Public Function test(ByRef Result As  DateTime) As Boolean
    Result = Date.Now

    Try
        ' this file is nonexistent, so it will crash
        IO.File.Open("C:/asdasd.txt", IO.FileMode.Open)  
    Catch
        Return False
    End Try

    Return True
End Function

and then call it like:

    Dim resultDate as DateTime
    If Not test(resultDate) Then 
        ' Do Fail Code
    End If

As @steve-pettifer points out is bad to use exceptions to control flow, so something like this would be better:

Public Function test(ByRef Result As  DateTime) As Boolean
    If Not IO.File.Exists("C:/asdasd.txt") Then 
        Result = DateTime.MinValue
        Return False
    End If

    IO.File.Open("C:/asdasd.txt", IO.FileMode.Open)  
    Result = Date.Now
    Return True
End Function
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Again, do not use exceptions to control flow. Instead of relying on failure, test using My.Computer.FileSystem.FileExists instead. –  Steve Pettifer May 28 at 7:18
    
Completely agree, wasn't really looking at the contents of the method more showing the TryParse kind of structure –  JDunkerley May 28 at 7:19
    
Fair enough, but you know what will happen - lots of beginners who see that will take it as read that it's OK to swallow exceptions and won't learn to write defensive code. –  Steve Pettifer May 28 at 7:23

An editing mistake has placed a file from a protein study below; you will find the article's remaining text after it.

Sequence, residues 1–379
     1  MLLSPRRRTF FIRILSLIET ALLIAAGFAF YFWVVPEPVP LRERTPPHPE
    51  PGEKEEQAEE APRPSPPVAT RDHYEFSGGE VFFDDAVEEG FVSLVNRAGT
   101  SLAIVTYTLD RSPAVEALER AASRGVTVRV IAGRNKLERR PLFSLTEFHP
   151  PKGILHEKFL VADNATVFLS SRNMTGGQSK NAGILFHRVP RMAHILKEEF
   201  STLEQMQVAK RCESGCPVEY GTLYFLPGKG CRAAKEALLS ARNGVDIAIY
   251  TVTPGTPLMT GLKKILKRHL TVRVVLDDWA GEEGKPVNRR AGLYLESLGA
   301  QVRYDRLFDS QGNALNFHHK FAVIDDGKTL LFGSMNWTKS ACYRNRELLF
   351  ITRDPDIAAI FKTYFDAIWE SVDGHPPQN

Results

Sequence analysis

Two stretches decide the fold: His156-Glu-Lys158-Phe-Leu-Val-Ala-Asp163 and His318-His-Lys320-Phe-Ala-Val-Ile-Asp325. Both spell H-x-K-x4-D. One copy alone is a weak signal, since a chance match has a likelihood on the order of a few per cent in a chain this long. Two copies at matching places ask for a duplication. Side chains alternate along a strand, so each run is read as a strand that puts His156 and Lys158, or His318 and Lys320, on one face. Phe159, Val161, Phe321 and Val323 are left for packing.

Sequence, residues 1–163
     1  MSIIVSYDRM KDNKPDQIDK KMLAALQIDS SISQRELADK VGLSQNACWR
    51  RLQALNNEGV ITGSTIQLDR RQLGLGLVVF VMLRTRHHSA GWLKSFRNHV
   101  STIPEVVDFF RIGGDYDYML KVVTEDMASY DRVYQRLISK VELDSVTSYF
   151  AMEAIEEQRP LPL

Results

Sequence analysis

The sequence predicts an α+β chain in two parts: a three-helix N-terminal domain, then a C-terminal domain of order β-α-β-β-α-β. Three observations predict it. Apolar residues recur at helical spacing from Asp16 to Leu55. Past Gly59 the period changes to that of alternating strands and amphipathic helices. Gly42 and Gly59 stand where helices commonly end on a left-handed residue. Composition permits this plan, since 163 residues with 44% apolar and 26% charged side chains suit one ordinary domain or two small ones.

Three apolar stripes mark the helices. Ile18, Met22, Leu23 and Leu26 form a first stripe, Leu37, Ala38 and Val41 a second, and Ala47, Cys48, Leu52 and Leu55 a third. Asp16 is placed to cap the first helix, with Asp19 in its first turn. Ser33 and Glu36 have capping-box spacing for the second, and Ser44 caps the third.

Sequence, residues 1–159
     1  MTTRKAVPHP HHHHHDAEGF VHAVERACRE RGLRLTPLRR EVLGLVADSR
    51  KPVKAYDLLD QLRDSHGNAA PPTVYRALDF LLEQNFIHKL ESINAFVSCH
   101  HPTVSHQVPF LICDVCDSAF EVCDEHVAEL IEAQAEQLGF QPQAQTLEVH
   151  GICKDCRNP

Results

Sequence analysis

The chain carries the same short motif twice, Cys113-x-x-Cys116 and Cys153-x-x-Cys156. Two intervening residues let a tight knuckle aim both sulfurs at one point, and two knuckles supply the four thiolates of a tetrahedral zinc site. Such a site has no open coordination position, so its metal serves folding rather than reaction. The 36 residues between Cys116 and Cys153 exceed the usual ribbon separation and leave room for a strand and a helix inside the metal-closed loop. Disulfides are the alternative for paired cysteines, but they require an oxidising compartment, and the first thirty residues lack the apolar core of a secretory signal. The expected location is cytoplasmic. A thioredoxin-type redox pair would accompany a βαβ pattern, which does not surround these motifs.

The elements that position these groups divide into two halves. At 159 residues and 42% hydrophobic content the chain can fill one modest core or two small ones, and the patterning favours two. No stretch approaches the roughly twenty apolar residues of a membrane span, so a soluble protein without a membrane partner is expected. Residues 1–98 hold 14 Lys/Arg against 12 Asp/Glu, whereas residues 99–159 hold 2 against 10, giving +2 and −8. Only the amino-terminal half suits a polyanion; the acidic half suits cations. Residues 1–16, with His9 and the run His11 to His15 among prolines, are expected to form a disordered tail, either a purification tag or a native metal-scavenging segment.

@StevePettifer i think it would be clearer to mention that you still have to catch other exception, but throwing them in the case .FileExists returns false, is incorrect. –  porkchop May 28 at 12:59
    
@porkchop Well you don't have to catch them and there's plenty who would argue that you should never catch them except in rare circumstances but this isn't the place for that discussion. –  Steve Pettifer May 28 at 13:04
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The best way to do that is to throw an exception that describes the error. You can then customize the contents (hence type) of the exception according to your needs. The type of exception thrown can somehow be viewed as an alternate return type.

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I disagree - you should not use exceptions to control the flow of your application. There are much better ways to write code without resorting to throwing exceptions. –  Steve Pettifer May 28 at 7:16
    
Exceptions considered a bad way to report an error ??? –  Serge - appTranslator May 28 at 7:18
1  
If you have to throw it then yes, that's bad. Exceptions should be, as the name implies, exceptional. Just because a file does not exist, for example, you should not throw an exception because you can test for the existence and handle the lack of file gracefully. Exceptions are for truly broken and un-recoverable situations, not for controlling the flow of your logic. –  Steve Pettifer May 28 at 7:20
    
So you consider that a file that doesn't exist is a recoverable error. It could very well be the opposite. We can't guess that from the OP's post. I considered the file is expected to exist. If it is not, I agree it's a different story. But we can't tell. –  Serge - appTranslator May 28 at 7:29
    
That's not really a very good answer though. It encourages the incorrect use of exceptions and is totally unnecessary. –  Steve Pettifer May 28 at 7:30